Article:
- Reviewers are required to perform all activities undertaken for SFI with reasonable skill and care and to the best of their ability.
- Reviewers must undertake all activities in a personal capacity and must not delegate or sub-contract the performance of any activities or part thereof to graduate students, post-doctoral or research associates or any other third parties.
- Reviewers are required at all times to comply with generally accepted rules of good scientific practice in carrying out their review, including any specific scientific code of practice notified by SFI to reviewers from time to time.
- Reviewers may not communicate with proposal applicants at any stage unless they are required to do so as part of the evaluation process (for example, if an interview or site visit forms part of the evaluation process). In cases where reviewers are required to communicate with applicants as part of the evaluation process, communication must only happen in the presence of SFI staff members.
- Reviewers are required to respect the intellectual property of applicants and may not appropriate and use as their own, or disclose to any third party, ideas, concepts or data contained in any proposals. The intellectual property rights in all materials provided by an applicant shall remain vested in and shall be the absolute property of the applicant or its third party licensors.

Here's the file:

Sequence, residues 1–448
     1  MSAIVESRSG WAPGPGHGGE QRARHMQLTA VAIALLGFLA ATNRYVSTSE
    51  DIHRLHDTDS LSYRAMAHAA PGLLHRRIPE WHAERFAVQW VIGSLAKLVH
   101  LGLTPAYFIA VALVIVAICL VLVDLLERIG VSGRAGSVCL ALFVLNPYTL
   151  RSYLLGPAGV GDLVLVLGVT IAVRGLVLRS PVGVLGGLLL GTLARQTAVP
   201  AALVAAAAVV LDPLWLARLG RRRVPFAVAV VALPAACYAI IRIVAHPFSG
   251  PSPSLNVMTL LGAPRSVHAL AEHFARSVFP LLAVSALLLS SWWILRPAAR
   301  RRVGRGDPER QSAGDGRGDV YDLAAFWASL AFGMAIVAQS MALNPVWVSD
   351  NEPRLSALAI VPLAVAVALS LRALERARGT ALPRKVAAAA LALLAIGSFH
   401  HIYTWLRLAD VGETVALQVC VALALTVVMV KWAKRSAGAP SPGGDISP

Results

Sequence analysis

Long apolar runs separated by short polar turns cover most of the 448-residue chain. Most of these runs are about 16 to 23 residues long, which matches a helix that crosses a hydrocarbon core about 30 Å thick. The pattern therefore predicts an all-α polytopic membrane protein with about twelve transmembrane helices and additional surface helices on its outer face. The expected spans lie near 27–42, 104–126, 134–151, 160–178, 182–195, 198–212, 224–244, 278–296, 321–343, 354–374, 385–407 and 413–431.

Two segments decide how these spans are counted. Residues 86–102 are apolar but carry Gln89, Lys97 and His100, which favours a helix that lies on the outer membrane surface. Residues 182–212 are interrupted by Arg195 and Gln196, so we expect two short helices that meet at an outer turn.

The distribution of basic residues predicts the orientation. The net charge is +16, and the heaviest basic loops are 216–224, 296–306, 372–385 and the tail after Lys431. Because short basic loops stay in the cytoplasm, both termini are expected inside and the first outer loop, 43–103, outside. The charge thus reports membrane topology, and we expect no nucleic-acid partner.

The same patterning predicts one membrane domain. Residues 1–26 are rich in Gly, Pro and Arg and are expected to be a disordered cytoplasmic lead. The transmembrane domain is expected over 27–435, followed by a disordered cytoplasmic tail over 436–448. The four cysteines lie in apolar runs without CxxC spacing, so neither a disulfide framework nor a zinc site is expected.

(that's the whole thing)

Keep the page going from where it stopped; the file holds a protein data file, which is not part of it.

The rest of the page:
- In cases where proposals are to be made available to reviewers, who then work from their own or other suitable premises, the reviewers will be held personally responsible for maintaining the confidentiality of any documents or electronic files sent and returning, erasing or destroying all confidential documents or files upon completing the evaluation. In such instances, reviewers may seek further information (for example through the internet, specialised databases etc.) in order to allow them to complete their examination of the proposals, provided that obtaining such information respects the overall rules for confidentiality and impartiality. Reviewers may not show the contents of proposals or disclose information contained therein to third parties without the express written approval of SFI.
- Where the evaluation takes place in an office or building controlled by SFI, reviewers are not permitted to take outside the evaluation building any parts of proposals, copies or notes relating to the evaluation of proposals.
- Reviewers are required at all times to comply with any rules defined by SFI for ensuring the confidentiality of the evaluation process and its outcomes, including as set out in this SFI Reviewer Code of Conduct and SFI’s Reviewer Conflict of Interest and Confidentiality Statement. Failure to comply with these rules may result in exclusion from the immediate and future evaluation processes, without prejudice to penalties that may derive from other applicable regulations.
- Reviewers must agree that SFI may use SFI’s online Grants and Awards Management System (SESAME, or any other online grants and awards management system as adopted by SFI from time to time) as a means of communication between reviewers and SFI or to deliver materials for review by reviewers. In such case, reviewers will be able to access SFI’s online Grants and Awards Management System from any computer with their email address and password.